Of late my posts have been for the community as common issues are explored. For this moment I return to the basics. I write for me with the hope that I will be a little stronger for having made this part of my written reality. Strange but before the vacation I told KA that I wanted to spend a little less time in therapy with being bi and a little more dealing with these fits of rage and where they really come from.

And as I re-read this I realize that the fact that I cannot write what I yelled in the car, is the reason I must force myself to write it, to confront the demon. KA screams at me that (driving this way) will get us killed. And I scream back to the effect it will be better than this living hell. I do not feel that, do not believe it for a second, but at that moment it passed my lips and my shame knows no bounds.


Spider said...

Nate, PLEASE don't feel shame... you had to get that anger out - if kept inside you it would have just sat there and grown and the later explosion would have been worse...

A therapist once told me, for what it is worth, that anything said during sex or during a raging argument should not be believed unless it is said again outside of those circumstaces...

I admire your honesty and braveness to post this - you are a very strong man - I wish I had some of your strength...

Bigg said...

I am familiar with this rage. As a father, and as a man.
Rather than bore you with a long rumination on it, I would just like to say that I know both your loss of control and your shame.
I salute you for the honesty of this post.
I wish I could tell you that it will get better -- but I'm still fighting it, too.
I wish you strength in the fight, and offer you any support I might be able to give.

Brad said...

Patience is a virtue that I realize will always be just outside of my grasp.

Ask Justin. He could tell you that I do lose control.

Trust me when I tell you Nate, I yell much louder than anyone in my home.

I am a product of the environment that I was raised in. I wanted, more than anything, to be different than my parents.

I still, after a lot of work on my part, find myself slipping into the rage you describe.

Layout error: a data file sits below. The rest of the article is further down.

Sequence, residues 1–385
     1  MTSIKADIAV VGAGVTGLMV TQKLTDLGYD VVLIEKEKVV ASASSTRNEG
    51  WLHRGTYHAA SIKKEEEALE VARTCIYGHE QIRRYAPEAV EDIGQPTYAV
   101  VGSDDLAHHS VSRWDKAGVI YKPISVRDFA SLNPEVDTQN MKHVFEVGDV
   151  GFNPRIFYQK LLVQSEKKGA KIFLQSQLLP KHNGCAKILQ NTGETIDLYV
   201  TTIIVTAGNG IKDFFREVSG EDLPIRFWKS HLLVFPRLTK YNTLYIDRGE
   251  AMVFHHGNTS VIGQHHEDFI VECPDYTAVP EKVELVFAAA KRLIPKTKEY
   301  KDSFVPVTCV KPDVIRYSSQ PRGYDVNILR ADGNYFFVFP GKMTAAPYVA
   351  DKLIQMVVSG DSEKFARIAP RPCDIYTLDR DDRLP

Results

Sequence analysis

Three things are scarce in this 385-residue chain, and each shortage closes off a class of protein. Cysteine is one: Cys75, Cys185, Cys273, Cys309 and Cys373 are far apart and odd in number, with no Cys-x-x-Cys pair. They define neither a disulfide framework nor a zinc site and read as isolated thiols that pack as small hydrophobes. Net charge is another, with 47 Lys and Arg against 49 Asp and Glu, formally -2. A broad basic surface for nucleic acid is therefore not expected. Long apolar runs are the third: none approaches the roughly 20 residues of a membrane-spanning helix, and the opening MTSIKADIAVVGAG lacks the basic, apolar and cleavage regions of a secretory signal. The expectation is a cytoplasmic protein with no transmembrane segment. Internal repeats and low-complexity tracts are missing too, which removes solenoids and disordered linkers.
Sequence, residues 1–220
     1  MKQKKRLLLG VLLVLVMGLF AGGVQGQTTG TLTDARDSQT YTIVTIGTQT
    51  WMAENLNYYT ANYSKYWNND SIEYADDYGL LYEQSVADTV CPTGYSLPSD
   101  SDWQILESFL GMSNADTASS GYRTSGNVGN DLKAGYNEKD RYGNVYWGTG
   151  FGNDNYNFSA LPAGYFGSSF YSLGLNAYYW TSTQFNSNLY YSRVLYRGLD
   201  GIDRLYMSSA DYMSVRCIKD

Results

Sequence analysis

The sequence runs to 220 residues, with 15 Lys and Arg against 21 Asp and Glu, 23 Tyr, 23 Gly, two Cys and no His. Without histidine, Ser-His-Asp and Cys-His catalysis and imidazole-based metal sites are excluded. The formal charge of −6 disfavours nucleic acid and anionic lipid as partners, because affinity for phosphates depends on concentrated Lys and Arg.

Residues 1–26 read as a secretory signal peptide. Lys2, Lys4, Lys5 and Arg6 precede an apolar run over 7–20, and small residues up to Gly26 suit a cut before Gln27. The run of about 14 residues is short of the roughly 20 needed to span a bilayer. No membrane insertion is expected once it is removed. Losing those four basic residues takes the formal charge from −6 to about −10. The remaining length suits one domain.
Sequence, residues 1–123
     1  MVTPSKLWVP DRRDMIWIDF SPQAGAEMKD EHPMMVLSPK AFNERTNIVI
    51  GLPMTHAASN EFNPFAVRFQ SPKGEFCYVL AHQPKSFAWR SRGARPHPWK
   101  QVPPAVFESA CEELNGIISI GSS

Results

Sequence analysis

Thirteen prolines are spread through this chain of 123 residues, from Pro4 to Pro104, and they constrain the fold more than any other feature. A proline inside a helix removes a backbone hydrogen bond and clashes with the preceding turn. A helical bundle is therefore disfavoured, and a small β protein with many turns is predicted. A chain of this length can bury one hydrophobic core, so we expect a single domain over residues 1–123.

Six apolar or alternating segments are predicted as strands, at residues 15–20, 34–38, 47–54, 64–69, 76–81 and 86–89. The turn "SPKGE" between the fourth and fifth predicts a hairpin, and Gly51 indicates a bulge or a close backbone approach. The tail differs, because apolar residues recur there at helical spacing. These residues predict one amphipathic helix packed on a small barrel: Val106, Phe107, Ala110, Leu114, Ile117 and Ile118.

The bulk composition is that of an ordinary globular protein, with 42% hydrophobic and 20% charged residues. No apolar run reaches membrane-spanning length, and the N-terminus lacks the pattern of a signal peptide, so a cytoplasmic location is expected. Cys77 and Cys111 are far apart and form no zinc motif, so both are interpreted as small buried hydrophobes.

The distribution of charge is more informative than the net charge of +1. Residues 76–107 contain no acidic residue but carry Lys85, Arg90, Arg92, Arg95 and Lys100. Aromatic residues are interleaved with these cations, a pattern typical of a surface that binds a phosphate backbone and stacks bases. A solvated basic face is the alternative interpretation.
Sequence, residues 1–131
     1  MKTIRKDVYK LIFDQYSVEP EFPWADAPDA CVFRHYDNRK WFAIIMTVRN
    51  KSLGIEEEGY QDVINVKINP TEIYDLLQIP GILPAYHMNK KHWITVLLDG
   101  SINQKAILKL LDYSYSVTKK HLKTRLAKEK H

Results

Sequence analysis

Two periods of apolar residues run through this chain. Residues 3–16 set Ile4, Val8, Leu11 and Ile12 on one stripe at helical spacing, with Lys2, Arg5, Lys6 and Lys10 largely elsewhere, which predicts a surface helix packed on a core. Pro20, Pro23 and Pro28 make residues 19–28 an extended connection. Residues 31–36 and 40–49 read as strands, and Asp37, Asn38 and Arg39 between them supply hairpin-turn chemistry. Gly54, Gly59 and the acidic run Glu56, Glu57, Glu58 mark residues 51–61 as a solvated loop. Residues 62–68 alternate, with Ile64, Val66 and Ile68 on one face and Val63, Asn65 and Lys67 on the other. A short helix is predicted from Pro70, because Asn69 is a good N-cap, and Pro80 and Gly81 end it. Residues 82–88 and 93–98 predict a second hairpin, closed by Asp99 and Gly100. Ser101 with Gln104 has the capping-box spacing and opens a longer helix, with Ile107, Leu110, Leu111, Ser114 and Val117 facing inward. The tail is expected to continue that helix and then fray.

But, Nate, not nearly as often.

You and I are still worthy of love. We just can't be or have everything perfect. You know. The way we imagine in our minds.

That pisses me off too.

Hugs, bud.

Ian said...


I don't know if you'll find this more helpful or disturbing, but the rage you describe reminds me of the berserkergang, an alternate state of conscousness that the berserkers of legend would enter into before going into battle.

This is what "Shades" has to say on the berserkergang:

"This fury, which was called berserkergang, occurred not only in the heat of battle, but also during laborious work. Men who were thus seized performed things which otherwise seemed impossible for human power. This condition is said to have begun with shivering, chattering of the teeth, and chill in the body, and then the face swelled and changed its color. With this was connected a great hot-headedness, which at last gave over into a great rage, under which they howled as wild animals, bit the edge of their shields, and cut down everything they met without dicriminating bewteen friend or foe. When this condition ceased, a great dulling of the mind and feeble- ness followed, which could last for one or several days (Fabing, p. 234).

During the berserkergang, the berserk seemed to lose all human reason, a condition in which he could not distinguish between friend and enemy, and which was marked by animalistic screaming."

woe said...

Beautifully achingly honest post. Nate you are a man of courage my friend.

Restored Vows said...

I've been accused of "psycho-babble" by Mobius Flip, so here is my two-cents of unsolicited professional advice: anger management classes.

I am a social worker working as a substance abuse counselor. One of the classes as part of our curriculum is "anger management". You could also do a Google search on the subject.

I'm not dogging you...just some friendly professional advice.

I also identify as a "Bi-MWM"....Hope this helps.

A Troll At Sea said...

well, how close I have come to this, only my children's fears and pushing of my buttons is many years back now...
What resonates with me, having re-read your answers to "Troll's questions", is the refrain "thirty years", "thirty years". A generation can be really be a lifetime.
This is going to be a week of confrontation, not anything premeditated or angry, but the necessary consequence of meeting with my counselor and psychiatrist before my wife takes off for two months, and the arrival of an Old Friend who now has had the whole story [at least her best friend's take on it] laid out in some detail.
This is where the cost of coming out comes home to roost.
Wish me luck.

ps: thanks again for your honest answers, and congratulations on mastering the color thing...